Charles Rosen, 85, whose pioneering work in artificial intelligence led to the invention of "Shakey," the first mobile robot that could reason about its actions, died of pneumonia Dec. 8 at his home in Atherton, Calif.

Dr. Rosen, an electrical engineer whose wide-ranging interests included agriculture and the chemistry of foods, was a co-founder of Ridge Vineyards, a California winery credited with a major role in the revival of zinfandels.

His most memorable work in robotics took place at Stanford Research Institute, now known as SRI International, a nonprofit research and development company in Menlo Park, Calif.

As the first director of SRI's Artificial Intelligence Center, he oversaw the development in 1966 of Shakey, a robot equipped with a television camera, range finder, bump detectors and a clever reasoning program that enabled it to plan and execute simple tasks such as moving a box around a room.

"It was the first robot that had the ability to make plans and perceive its environment," said Nils Nilsson, emeritus professor of computer science at Stanford University and Dr. Rosen's project manager on Shakey.

Although conceived as a pure research project, Shakey incorporated technologies that bred many practical applications still in use, including driver navigation software used in Internet services such as MapQuest and "machine vision" systems that enable a robot to inspect and move a part on a factory assembly line.

The Shakey project also benefited the U.S. space program, providing the basis for much of the software that ran the Mars rover developed by NASA's Jet Propulsion Laboratory in Pasadena, Calif.

"Charlie did not write the papers, but he was the visionary who started all this. He assembled the team of creative people who together invented this stuff," said Peter E. Hart, a protege of Dr. Rosen's who is chairman and president of Ricoh Innovations Inc., a subdivision of the Japanese electronics company that focuses on artificial intelligence and neural networks.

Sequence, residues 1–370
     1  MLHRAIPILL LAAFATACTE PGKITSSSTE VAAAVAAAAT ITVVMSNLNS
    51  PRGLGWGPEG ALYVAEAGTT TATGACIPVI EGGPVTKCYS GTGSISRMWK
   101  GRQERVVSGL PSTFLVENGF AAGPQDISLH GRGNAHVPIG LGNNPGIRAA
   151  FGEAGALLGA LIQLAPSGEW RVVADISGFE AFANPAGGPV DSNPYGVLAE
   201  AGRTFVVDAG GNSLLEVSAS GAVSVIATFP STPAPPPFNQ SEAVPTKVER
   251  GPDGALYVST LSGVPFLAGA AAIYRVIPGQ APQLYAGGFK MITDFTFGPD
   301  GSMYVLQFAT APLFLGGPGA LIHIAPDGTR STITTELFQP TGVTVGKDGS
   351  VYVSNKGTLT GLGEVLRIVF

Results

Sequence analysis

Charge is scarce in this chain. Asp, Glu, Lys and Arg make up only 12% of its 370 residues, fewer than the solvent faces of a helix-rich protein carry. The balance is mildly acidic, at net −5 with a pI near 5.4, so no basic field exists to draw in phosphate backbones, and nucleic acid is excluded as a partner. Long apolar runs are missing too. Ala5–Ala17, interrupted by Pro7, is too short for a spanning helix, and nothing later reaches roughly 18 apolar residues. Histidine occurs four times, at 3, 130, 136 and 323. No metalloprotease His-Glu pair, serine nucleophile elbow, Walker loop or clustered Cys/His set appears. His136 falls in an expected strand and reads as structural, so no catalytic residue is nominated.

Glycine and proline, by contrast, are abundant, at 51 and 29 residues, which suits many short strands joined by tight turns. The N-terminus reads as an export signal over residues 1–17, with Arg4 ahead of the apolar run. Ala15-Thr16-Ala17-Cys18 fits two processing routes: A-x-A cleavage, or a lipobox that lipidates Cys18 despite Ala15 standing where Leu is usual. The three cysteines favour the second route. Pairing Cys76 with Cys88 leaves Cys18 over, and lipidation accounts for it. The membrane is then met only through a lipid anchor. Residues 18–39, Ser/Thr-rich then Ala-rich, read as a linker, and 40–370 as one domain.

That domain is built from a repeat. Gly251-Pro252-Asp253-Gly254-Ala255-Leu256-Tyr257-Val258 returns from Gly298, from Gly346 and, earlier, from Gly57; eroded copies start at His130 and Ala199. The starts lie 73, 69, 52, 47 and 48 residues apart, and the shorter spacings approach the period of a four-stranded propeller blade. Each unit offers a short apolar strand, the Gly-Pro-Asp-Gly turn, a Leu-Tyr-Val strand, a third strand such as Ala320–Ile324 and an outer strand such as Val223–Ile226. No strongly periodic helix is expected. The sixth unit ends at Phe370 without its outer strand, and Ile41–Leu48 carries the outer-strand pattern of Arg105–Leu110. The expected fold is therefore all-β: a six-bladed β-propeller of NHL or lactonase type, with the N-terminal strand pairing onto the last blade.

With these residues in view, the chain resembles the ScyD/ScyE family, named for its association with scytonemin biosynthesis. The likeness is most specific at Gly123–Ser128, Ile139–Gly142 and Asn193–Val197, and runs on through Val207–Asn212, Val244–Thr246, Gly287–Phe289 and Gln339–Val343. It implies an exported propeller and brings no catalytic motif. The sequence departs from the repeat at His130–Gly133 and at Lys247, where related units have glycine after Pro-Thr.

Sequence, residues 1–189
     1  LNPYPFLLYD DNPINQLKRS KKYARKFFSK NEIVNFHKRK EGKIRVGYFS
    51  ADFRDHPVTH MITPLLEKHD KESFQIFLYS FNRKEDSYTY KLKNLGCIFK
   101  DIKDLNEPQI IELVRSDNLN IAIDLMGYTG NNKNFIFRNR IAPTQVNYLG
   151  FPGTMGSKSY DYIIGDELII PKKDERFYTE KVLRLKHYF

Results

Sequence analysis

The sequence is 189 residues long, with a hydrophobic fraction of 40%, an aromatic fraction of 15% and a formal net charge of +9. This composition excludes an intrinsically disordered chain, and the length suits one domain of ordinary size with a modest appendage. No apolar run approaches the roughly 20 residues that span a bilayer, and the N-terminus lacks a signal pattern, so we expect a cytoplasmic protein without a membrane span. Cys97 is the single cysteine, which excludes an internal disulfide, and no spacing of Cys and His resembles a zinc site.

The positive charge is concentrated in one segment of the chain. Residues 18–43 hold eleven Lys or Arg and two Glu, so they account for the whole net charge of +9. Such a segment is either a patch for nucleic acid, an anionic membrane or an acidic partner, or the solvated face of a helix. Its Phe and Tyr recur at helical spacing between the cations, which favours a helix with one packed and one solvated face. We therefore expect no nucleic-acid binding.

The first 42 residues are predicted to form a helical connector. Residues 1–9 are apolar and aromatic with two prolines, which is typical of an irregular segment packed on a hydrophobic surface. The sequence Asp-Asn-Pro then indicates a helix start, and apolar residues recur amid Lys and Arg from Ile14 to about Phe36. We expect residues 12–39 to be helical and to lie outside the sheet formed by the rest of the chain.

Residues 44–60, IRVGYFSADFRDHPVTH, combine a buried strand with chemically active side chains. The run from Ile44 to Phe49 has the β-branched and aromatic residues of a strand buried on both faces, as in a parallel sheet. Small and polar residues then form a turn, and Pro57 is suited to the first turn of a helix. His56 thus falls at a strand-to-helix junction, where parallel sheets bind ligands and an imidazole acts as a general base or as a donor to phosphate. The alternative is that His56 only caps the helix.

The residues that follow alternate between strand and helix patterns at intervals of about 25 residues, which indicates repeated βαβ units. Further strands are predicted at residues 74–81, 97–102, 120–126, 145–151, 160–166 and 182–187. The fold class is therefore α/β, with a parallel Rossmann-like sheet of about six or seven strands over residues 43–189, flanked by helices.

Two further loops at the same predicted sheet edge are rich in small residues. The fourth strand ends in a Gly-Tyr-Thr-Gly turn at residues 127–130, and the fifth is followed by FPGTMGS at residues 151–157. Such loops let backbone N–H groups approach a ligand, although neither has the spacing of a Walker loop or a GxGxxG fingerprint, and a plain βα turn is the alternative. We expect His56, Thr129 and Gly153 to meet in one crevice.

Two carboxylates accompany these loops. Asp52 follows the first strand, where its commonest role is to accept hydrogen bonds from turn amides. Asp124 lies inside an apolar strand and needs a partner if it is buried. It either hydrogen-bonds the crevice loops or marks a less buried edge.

Dr. Rosen was raised by his mother in what he often described as the "red light district" of Montreal. Although his family was poor, he read every book and magazine he could find about electronics. He set up a laboratory above the candy store his mother operated and with a friend used tin foil, pencil lead and scrap parts to build crystal radios.

Unable to afford college, he moved to the United States and worked as a waiter in the Catskill Mountains. While waiting tables, he met a professor who told him about Cooper Union College, the private, tuition-free school in New York City founded by a workingman's wealthy son.

Dr. Rosen earned a bachelor's degree in electrical engineering at Cooper Union. He later received a master's degree from McGill University in Montreal and a doctorate from Syracuse University.

During World War II, he returned to Canada to test planes for the Royal Canadian Air Force. After the war, he was hired by General Electric Co. in Schenectady, N.Y., to manage a group working on transistor devices. He co-authored an early textbook on transistors.

During a trip west, he fell in love with California and moved his family there when he found work at the Stanford Research Institute, which was established in 1946 by a group of West Coast industrialists in conjunction with Stanford University.

Dr. Rosen guided the institute's Artificial Intelligence Center to its rank as one of the world's foremost AI laboratories.

In 1959, Dr. Rosen and three scientists from the Stanford group bought investment property in the Santa Cruz Mountains. The land had old grapevines that appealed to Dr. Rosen, who had made wine in his garage.

Tending the vineyard became a weekend hobby for the scientists and their families. It became more than a hobby after "people began tasting the wine and saying, 'My God, this is fantastic,' " said his son, Hal. The hobbyists began producing wine for sale in 1962.

Today, the winery is known for its zinfandels and cabernets, "most of which are at the top of their class," says California Wine, a guide by Wine Spectator senior editor James Laube.

Dr. Rosen and his partners sold the winery in the 1980s to a Japanese pharmaceutical conglomerate. But he continued to invent products and businesses into his eighties.

In 1980, after leaving SRI, he co-founded Machine Intelligence Corp., which specialized in making machines that could recognize industrial parts as they moved along a conveyor belt.

He also started a company that sold a mix for making pickles at home. Two years ago, at age 83, he invented a device to dispense inhaled drugs, a product of his frustration with the inhaler he used to treat his emphysema. It was bought by another company and is in development.

Dr. Rosen's wife of 61 years, Blanche, died in June.

Survivors include four children.